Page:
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Kolerski v. United States

September 2, 2008

JANICE KOLERSKI, AND BENJAMIN C. HEATH, INDIVIDUALLY AND AS CO-EXECUTORS OF THE ESTATE OF EDWARD A. HEATH, DECEASED, PLAINTIFFS,
v.
UNITED STATES OF AMERICA, DEFENDANT.



The opinion of the court was delivered by: William M. Skretny United States District Judge

DECISION AND ORDER

I. Findings of Fact

A. Background

1. On October 3, 2006, Plaintiffs Janice Kolerski and Benjamin C. Heath, as co-executors of the estate of Edward Heath, filed an Amended Complaint (Docket No. 6) against the United States of America under the Federal Tort Claims Act ("FTCA"), 28 U.S.C. §1346(b) and 28 U.S.C. §2671, et seq.

2. Plaintiffs alleged that negligent medical care provided by the Department of Veteran's Affairs Medical Center had proximately caused Heath to "suffer[] severe, permanent and painful injuries, including conscious pain and suffering, ultimately resulting in his death." (Amended Complaint, Docket No. 6, ¶ 13).

3. The United States conceded liability and causation. (Tr. at 3-4).

4. On June 9, 10, and 11, 2008, this Court conducted a Bench Trial on the issue of damages. Plaintiffs called the following witnesses: Benjamin Heath, Janice Kolerski, Dr. Michael Kane, Karl Vogel, Margaret Vogel, Dean Moretti, and Dr. Andrew Esch. The Parties stipulated to the admission of Plaintiff's medical records. Defendant did not call any witnesses.

B. Edward Heath

5. At the time of the events in this case, Edward Heath was 86 years old. (Ex. 2 at 183). He was a veteran, having served in the military in World War II. (Tr. at 43-44).

6. Since the death of his wife in 2000, Heath lived by himself in Lackawanna, NY. (Tr. at 43-44). Heath owned and managed a four-unit apartment, which he maintained with the help of his children. (Tr. at 43-44).

7. Heath had some health problems, including hypertension, atrial fibrillation, general aches and pains, and a history of bladder cancer, which was stable at the time of the events in this case. (Tr. at 302).

8. Heath enjoyed playing golf. (Tr. at 52). He drove a car, and was assessed as "safe to drive" by his physician's office in June of 2004. (Tr. at 303). Heath's family testified that he had no problems speaking or communicating. (Tr. at 49, 52).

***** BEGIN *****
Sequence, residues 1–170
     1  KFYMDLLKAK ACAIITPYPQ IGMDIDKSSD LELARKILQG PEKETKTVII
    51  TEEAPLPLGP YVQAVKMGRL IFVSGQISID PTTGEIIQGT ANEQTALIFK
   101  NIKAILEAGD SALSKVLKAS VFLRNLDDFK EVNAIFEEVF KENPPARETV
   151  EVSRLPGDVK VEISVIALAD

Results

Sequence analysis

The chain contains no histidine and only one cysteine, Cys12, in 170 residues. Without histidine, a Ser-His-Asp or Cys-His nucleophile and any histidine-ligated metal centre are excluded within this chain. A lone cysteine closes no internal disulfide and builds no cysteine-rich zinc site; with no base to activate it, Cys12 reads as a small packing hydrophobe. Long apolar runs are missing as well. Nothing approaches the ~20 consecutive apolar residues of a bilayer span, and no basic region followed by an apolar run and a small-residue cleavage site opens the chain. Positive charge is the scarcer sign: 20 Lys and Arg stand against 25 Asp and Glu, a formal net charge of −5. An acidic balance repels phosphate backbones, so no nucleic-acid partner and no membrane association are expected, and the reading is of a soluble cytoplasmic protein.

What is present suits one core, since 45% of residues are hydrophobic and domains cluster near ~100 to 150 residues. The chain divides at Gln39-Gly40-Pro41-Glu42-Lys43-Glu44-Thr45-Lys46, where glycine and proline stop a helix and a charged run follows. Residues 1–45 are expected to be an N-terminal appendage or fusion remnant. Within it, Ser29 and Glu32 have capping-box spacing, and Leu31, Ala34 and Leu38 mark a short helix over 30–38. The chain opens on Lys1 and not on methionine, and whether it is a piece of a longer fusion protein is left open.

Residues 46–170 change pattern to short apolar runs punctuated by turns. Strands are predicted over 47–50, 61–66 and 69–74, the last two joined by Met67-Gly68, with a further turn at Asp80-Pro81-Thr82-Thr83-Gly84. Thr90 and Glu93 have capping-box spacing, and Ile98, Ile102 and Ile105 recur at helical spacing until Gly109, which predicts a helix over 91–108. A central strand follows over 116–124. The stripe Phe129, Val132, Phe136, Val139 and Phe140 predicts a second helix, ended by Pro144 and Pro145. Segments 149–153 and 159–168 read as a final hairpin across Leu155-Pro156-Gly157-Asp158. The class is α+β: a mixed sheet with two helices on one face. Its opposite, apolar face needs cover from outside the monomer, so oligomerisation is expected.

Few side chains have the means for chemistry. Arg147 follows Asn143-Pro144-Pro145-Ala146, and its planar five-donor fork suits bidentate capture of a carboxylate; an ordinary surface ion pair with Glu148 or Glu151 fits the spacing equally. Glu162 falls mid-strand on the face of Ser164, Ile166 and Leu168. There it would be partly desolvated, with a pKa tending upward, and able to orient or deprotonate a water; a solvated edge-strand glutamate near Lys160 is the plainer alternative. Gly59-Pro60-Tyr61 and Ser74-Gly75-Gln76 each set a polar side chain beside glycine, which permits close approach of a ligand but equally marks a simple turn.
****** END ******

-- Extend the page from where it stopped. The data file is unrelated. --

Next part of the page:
C. Events leading up to Heath's Hospitalization

9. Dr. Michael Kane was Heath's primary care physician. (Tr. at 260).

10. Dr. Kane prescribed Heath with Coumadin, a blood thinner, to treat atrial fibrulation. (Tr. at 265).

11. Heath went to the Veteran's Affairs Medical Center ("VA") Coumadin Clinic for monitoring and management of his Coumadin dosage. (Tr. at 267).

12. On June 17, 2004, Heath went to the VA Coumadin Clinic for a blood draw to measure his Coumadin levels. (Ex. 1 at 37-38). At the Clinic, Heath complained of a bruise on his right ankle. (Ex. 1 at 37-38). When Heath returned home, his daughter Margaret Vogel observed the bruise, applied ice, and had Heath elevate his ankle. (Tr. at 396-97).

13. On June 18, 2004, Heath experienced pain, bruising, and swelling in his right leg. (Tr. at 262-63, 272). He called for an ambulance around 7:00 PM, and was taken to the Mercy Hospital Emergency Room. (Tr. at 251).

D. Hospitalization

14. At Mercy Hospital on June 18, 2004, it was determined that Heath's Coumadin level was dangerously high. (Tr. at 263). Heath was admitted to Mercy Hospital for "reversal of his anticoagulation, and pain management and observation of his leg." (Tr. at 263).

15. At the time of his admission, Heath's pain was graded as "a sharp pain and it was three to six out of ten in intensity. Localized to the right leg." (Tr. at 272).

16. Dr. Kane attributed Heath's pain at the time he was admitted to a hematoma which caused swelling in Heath's leg. (Tr. at 273-74). As Dr. Kane explained:

The body generally doesn't like to be stretched, and any part of your body that gets stretched either by fluid or swelling, it hurts. . . . Because of this hematoma at the time of his admission [] it was thought the blood underneath the skin was stretching the skin and pushing on the structures below, which would be muscles, nerve, [and] eventually bone . . . ." (Tr. at 274-75).

17. The day he was admitted, Heath was given a dose of Dilaudid (a morphine relative, prescribed for severe pain). (Tr. at 295).

18. On June 20, 2004, Heath's daughter, Margaret Vogel, visited Heath and observed the following:

"He was gritting his teeth. He was -- any time he couldn't get comfortable -- like everything was hurting. . . . But he was just miserable. He just didn't want to cooperate as far as like you said, reading his card, he was too -- in too much pain to even do that." (Tr. at 407).

19. On June 21, 2004, Heath had a fever and reported to Dr. Kane that he "felt like garbage." (Tr. at 277). Dr. Kane explained that Heath had an open wound on his right leg, which Kane described as a "big blood blister . . . extend[ing] initially pretty much ...


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